In the last several weeks, I've received quite a few queries about my thoughts on courtship, and some have offered me theirs. I've discovered that my readers (all three of you) are an eclectic mix, with a much broader array of backgrounds, culturally and spiritually, than I ever anticipated when I began writing a couple of months back. Don't get me wrong, I think that's awesome. At the same time, I realize that even as pointblank as I am in what I write here, with all of the different backgrounds and experiences that stop by here and read it, it may be read in vastly different colors and intensities. Given that the courtship issue, and my view on it, is one that has been influenced by this dynamic, and given the interesting exchanges going on here and around the blogosphere concerning Stacy McDonald's article on courtship, an article that I feel oozes legalism and doctrine over person, I thought this would be an opportune time to make abundantly clear my view of courtship, and hopefully do so in a way that cuts through the haze of cultural differences and the various backgrounds represented.
I've no doubt that many will disagree with my view, including many who may usually find much common ground in my writing as a whole. Even if you disagree, I hope you'll keep reading here and writing to me, because I'm not so naive as to think everyone's gonna agree with me (especially given the flammable subjects I delve into here), and your emails on this issue have been very pleasant exchanges. I appreciate the opinions and feedback of you guys.
Ok, to clear up my view on courtship, whether I believe it's good in some cases, bad in others, a good idea that gets put to bad use, whether I find merit in the formula, et cetera...
When speaking of scenarios involving children (read: under 18 years of age), a parent has every right to determine what boundaries are proper, although I would think it wise of a parent to approach the issue uniquely with each child. Each child is unique, strong in it his or her own ways, weak in his or her own ways, and special in his or her own ways.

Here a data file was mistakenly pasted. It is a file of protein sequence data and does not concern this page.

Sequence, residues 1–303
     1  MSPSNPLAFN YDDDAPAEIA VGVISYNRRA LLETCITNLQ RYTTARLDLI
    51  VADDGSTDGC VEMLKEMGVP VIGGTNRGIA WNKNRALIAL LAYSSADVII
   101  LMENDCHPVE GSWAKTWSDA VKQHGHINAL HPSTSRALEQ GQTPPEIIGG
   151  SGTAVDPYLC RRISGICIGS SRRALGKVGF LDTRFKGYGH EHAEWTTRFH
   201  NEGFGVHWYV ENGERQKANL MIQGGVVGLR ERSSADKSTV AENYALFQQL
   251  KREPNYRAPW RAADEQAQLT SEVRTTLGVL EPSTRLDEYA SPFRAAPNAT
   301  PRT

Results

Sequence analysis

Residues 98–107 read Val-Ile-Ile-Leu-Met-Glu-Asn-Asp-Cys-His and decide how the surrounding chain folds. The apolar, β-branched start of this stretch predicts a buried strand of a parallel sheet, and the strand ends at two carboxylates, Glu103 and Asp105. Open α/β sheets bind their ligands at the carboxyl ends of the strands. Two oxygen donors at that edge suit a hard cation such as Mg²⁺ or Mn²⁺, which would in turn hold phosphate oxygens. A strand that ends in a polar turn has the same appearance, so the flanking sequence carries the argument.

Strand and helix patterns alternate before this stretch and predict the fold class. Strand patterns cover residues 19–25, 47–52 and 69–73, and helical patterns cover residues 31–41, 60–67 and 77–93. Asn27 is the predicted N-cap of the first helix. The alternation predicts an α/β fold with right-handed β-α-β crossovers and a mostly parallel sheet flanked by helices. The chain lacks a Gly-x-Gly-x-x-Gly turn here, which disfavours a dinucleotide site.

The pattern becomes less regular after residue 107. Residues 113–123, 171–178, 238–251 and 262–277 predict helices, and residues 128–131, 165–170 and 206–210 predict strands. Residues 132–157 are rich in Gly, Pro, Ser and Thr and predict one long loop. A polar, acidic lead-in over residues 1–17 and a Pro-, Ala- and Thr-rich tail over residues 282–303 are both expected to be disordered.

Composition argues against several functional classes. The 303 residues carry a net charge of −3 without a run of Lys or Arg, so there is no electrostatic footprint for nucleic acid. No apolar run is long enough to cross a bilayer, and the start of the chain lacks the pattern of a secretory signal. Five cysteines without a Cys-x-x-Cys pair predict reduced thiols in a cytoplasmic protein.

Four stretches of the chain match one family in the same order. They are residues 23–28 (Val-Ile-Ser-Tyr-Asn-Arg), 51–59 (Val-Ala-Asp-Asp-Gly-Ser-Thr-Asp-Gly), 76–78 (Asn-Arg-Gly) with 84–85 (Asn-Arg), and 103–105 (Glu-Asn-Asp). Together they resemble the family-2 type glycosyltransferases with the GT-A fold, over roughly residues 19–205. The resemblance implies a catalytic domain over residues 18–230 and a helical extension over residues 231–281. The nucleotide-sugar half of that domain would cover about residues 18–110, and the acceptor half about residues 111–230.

When speaking of adult children (read: over the age of 18), in no case whatsoever do I find the process, system, or practice of courtship acceptable, wise, or biblical. In NO case. Never. Ever. Period. In fact, I'm whole-heartedly convinced that it's a form of idolatry, and absolutely nothing will ever persuade me otherwise. I detest courtship for adults with the white hot flaming passion of a million screaming asteroids of utter doom.
Now, let's look at the "why"...
There's NO biblical directive or mandate that requires an adult child to be in submission to a parent. An adult child should HONOR their parents, but choosing their own path in life in submission to the Lord doesn't dishonor a parent. In fact, I would offer the idea that it should be the goal! Marriage and family is absolutely NOT the the ideal of Christianity. Christ is. I repeat: Christ is. Philippians 3:14...
"I press toward the mark for the prize of the high calling of God in Christ Jesus."
In that passage, "high calling" comes from the Greek "ano klesis", with ano meaning upward or heavenly, and klesis meaning calling, invitation, vocation. Paul's goal was to reach Christ and reach others for Christ. He even once said "...to live is Christ..." THAT is the ano klesis. But, for people fighting a cultural war, it would appear the ano klesis is marriage and family. That's their high calling. The title of Mrs. McDonald's blog even suggests as much. It's as if there's no other purpose in life. I don't say this to diminish marriage and family. They're beautiful and important things, and those who are married and/or have children shouldn't ever take the responsibilities of them lightly. But, marriage and family shouldn't be the highest purpose of our lives. In fact, for some people, it probably shouldn't be a goal at all.